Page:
Thirsty for a Strong Instructional Practice?
Instructors often wonder what the rules are around closed-captioning videos for pedagogical use. The truth is that any video you show in class needs to be ADA compliant to meet the letter of the law, but making videos ADA compliant by adding closed-captioning actually helps many more students than you may realize – the parent who needs the volume off at night, the student watching a video on light rail, people who pay attention better when they see and hear words together, students who speak English as an Additional Language, deaf students, students with visual impairments, everybody.
Take a SIP of this: Closed-Captioned Videos for Everyone
An easy way to make videos accessible is to contact the Educational Technology Center (ETC). They are happy to convert video-based course materials into accessible ones for classes. Just fill out a service request form: http://www.msudenver.edu/etc/servicerequestform/. Make sure to give them a full week for turnaround, especially at busy times like the beginning of each semester.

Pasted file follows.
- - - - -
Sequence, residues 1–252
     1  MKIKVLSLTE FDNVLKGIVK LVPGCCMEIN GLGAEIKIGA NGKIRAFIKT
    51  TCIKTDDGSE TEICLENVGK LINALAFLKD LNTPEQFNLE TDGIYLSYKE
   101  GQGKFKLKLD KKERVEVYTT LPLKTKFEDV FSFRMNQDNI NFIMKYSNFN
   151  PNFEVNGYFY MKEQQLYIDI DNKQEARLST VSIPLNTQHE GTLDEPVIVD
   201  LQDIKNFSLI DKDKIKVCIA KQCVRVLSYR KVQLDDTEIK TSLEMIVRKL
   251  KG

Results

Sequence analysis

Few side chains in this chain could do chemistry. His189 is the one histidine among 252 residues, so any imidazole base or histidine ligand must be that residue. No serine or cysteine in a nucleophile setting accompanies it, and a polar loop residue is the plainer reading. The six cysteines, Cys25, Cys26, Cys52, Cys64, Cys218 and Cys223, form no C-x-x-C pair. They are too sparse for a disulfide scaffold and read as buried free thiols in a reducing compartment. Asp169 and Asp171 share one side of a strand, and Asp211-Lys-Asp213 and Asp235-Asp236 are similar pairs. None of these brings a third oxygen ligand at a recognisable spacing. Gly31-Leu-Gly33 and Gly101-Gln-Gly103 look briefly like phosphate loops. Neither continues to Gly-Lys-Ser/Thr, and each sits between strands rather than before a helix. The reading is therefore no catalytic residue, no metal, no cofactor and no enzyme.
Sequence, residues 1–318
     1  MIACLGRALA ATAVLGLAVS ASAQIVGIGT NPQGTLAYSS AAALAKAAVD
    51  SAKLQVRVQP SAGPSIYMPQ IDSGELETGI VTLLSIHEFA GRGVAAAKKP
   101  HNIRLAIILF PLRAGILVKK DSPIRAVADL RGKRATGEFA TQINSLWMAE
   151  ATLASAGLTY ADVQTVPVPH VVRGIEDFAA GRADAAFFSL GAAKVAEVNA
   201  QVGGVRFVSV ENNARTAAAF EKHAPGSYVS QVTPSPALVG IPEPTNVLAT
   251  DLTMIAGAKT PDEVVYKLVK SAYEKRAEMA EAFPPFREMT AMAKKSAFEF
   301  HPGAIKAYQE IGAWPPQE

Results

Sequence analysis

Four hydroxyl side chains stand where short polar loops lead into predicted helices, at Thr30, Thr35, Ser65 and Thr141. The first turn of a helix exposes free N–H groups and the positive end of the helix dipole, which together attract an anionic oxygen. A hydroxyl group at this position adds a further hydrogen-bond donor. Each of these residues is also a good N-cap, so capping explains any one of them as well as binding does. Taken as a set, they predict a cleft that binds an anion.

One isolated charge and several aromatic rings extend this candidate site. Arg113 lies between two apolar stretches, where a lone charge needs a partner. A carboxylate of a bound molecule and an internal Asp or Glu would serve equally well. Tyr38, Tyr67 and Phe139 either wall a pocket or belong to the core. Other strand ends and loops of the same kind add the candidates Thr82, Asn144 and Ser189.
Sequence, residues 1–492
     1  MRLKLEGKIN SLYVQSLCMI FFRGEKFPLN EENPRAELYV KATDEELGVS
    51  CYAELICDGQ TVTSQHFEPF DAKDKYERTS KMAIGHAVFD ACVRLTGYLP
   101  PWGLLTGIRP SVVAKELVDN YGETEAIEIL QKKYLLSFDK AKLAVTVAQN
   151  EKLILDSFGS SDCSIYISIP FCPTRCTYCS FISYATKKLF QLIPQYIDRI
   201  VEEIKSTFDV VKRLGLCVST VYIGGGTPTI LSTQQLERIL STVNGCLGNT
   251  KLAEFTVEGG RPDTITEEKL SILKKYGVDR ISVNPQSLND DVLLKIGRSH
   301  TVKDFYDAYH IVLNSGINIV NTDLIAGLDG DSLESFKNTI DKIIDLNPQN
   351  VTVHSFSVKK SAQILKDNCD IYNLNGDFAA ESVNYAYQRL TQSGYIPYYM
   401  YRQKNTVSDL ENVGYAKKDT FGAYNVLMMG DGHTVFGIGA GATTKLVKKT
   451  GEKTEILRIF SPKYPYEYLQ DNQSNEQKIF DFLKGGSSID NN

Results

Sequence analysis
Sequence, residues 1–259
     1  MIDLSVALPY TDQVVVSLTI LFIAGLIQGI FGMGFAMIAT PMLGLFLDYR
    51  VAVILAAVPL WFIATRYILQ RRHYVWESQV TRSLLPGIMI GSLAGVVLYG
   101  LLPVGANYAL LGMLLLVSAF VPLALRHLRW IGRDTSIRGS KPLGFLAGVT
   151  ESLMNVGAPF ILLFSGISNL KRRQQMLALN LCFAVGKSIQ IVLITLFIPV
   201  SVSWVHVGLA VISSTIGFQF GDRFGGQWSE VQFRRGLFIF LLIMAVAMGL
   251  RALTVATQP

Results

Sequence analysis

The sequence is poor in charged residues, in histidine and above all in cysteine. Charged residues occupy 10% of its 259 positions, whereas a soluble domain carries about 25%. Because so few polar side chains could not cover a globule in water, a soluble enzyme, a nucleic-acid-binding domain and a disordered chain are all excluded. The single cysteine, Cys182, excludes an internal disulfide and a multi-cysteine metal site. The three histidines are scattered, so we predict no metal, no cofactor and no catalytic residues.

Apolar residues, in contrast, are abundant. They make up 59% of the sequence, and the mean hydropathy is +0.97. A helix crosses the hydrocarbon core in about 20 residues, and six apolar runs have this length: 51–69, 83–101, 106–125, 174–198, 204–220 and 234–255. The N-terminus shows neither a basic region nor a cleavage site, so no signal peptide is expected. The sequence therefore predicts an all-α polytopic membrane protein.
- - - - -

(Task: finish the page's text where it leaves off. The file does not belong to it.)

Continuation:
Still thirsty? Take another SIP of Closed-Captioned Videos for Everyone
- Access Center’s Tutorial on creating accessible course material http://www.msudenver.edu/access/faculty/tutorialsoncreatingaccessiblecoursematerial/
- Captioning on YouTube https://support.google.com/youtube/topic/3014331?hl=en&ref_topic=4355241
- WebAIM Web Accessibility in Mind – more about captioning… what it is and isn’t http://webaim.org/techniques/captions/